On your marks, get set, move along please

WHY IS it, I wonder, that the only competitive racing on our school sports day involves the parents? Or rather, the parents and carers?

Not that the parents don't care. Of course they do.

But why? Is it because, having been schooled in the blinkered old days of winners and losers, the older generation are deemed to be a lost cause so far as open-minded exercise is concerned? Immune to the soul-crushing potential of the 50 metres dash? Or, God forbid, the egg and spoon race?

In common with many other schools, the competition ethic is sublimated into a hybrid form of team sport, in which randomly selected groups of pupils complete - or not - a series of tasks which strain the sinews of credibility. Hula hoops and bean-bags feature heavily.

The guiding principle in each activity appears to be that it shall cease as soon as the participant gets the hang of it.

Move on! Move on! There's another meaningless exercise further up the line!

I recall taking my eldest daughter to something called Mini Movers. I remember the name because it was written on the T-shirt we bought for her after her first visit.

This was a highly organised session, based on the same principle as the batty sports days. What frustrated me - and, far more importantly, frustrated my daughter - was the fact that she had no soon alighted on something she enjoyed and was good at than she was hiked off to the next stage by the steely-eyed instructor.

What kind of sense is there in that for a three-year-old? Or an anything- year-old?

Can you imagine them doing that sort of thing in the United States? "All right, Nancy, so you're a natural gymnast. Now stop showing off and get over to the Silly Hockey!"

And no, of course we don't want driven, channelled automatons who burn out by their mid-teens. But what's wrong with letting young children follow their natural inclinations?

On the face of it, a large proportion of the kilocalories expended at school sports days I have witnessed emanate from children hopping up and down as they wait their turn. More than 50 per cent of the time allotted to these curious activities is spent queuing.

As preparation for British life, then, these sports days are ideal. In future years, as the impatient hoppers on these school fields grow up and embrace the adult world of waiting their turn - for buses, or more likely, given the school's catchment area, numbered tickets at Waitrose delicatessen - all this will have stood them in good stead. With the emphasis on stood.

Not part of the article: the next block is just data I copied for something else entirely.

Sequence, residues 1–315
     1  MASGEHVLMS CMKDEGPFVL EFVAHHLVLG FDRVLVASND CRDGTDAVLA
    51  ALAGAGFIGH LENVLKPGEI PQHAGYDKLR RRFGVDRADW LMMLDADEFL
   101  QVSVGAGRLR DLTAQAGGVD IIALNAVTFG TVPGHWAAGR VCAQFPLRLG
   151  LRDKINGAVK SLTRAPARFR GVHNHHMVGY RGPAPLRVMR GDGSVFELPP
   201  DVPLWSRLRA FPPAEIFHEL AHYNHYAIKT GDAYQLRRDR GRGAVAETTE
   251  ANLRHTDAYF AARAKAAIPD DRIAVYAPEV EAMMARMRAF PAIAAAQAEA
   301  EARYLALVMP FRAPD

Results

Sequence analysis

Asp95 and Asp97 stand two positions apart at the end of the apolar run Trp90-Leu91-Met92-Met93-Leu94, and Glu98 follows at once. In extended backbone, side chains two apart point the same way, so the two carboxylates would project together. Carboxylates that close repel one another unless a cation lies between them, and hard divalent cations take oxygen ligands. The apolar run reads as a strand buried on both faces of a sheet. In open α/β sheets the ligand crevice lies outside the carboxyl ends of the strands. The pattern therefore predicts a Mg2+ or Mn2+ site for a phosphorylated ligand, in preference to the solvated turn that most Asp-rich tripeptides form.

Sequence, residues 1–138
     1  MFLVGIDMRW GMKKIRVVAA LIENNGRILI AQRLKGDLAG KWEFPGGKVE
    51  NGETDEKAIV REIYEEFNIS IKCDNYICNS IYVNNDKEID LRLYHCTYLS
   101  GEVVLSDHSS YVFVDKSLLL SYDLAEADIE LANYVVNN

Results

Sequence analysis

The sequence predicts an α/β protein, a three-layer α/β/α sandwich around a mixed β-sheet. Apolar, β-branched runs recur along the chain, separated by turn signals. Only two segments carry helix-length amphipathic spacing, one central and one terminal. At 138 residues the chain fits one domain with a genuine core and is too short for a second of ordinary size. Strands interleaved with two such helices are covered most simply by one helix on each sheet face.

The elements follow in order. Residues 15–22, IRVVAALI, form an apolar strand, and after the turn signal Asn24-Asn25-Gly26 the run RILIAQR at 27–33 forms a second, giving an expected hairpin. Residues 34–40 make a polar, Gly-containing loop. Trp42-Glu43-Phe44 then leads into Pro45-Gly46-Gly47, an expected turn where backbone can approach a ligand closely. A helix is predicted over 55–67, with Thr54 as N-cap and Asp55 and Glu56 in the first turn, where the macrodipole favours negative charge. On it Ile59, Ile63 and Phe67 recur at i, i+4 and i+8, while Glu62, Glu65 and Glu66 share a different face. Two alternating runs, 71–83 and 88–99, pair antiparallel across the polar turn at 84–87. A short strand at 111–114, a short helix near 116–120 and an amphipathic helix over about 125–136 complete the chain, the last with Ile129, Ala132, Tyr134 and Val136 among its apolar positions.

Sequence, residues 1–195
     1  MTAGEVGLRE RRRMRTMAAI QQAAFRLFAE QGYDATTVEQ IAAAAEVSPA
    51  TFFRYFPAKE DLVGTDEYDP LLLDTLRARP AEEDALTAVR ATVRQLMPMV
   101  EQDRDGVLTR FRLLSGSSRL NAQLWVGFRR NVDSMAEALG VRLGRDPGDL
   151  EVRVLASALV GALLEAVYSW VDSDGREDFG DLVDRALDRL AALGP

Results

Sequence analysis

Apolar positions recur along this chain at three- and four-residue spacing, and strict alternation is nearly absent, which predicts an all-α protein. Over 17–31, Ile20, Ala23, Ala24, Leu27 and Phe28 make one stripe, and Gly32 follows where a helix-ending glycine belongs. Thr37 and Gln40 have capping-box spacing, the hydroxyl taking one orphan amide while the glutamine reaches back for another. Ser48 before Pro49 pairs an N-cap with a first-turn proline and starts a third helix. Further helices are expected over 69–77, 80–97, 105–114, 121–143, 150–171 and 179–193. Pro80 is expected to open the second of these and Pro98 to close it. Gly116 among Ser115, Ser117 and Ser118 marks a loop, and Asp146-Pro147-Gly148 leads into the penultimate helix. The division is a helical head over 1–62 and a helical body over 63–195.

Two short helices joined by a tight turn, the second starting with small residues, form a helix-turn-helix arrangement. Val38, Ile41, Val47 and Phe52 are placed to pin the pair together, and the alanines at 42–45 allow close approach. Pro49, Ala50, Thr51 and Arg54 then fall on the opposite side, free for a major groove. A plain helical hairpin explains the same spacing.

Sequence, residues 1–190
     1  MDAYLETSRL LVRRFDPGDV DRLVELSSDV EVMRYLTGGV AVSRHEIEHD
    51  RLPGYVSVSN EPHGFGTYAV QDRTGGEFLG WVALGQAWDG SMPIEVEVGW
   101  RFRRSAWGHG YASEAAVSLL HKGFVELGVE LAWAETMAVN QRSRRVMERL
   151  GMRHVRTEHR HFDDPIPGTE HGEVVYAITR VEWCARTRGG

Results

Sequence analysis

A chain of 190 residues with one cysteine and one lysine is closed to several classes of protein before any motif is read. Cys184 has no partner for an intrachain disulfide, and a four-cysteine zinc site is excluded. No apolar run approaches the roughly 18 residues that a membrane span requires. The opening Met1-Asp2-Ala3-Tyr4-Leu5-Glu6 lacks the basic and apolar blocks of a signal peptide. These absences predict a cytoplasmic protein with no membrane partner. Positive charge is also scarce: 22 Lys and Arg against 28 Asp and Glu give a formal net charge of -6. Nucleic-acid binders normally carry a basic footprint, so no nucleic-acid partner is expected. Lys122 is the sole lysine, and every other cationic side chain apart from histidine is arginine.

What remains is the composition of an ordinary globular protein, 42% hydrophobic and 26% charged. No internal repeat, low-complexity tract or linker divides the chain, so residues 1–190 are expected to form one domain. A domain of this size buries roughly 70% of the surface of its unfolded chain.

Meanwhile, with the emphasis on sitting, the bemused parents are obliged to try and make sense of what they see in front of them.

It used to be about finishing tapes. Now you only know it's all finished when someone blows a whistle.

But just supposing - and you will have to humour me here - sports day is supposed to have something to do with sport?

Perhaps, though, we are looking at this the wrong way. The thing to do now - now that we have trained up a rising generation of hula-hoopers and bean-baggers - is to begin serious lobbying of the world's sporting bodies to alter the composition of their events.

Come to think of it, this process has already started with moves to introduce golf and ballroom dancing to the Olympic Games.

There were suggestions, too, in the hopelessly naive days when people in Manchester believed they might secure the Olympics by offering a sound, straightforward bid, that local enthusiasms should be reflected in a programme which included black-pudding throwing from Bury and narrow-boat racing on the Grand Union Canal. But that was probably only a joke.

Thus sports which have clearly outlasted their use as far as the British educational system is concerned - running, throwing, jumping, those sort of things - can make way for a new generation of events.

There are major commercial and ethical advantages to this strategy. The introduction of items such as bean-bags, hula-hoops and bendy plastic hockey sticks to events such as the Olympic Games is likely to stimulate huge sponsorship interest from manufacturers. Some may even contemplate switching from the production of outmoded items such as footballs and running shoes.

The other big advantage of these measures would be their strong anti- doping message. These new events would require so little by way of effort or accomplishment that there would be no advantage in taking performance- enhancing substances. The drugs don't work, because there's nothing for them to work on.

What we are talking about here is a brave - no, that's not the word. Nice. Yes, a nice new world, where nobody exactly loses, and nobody exactly wins, and nobody is exactly happy or upset about anything.

It's not the winning. It's not even the taking part.

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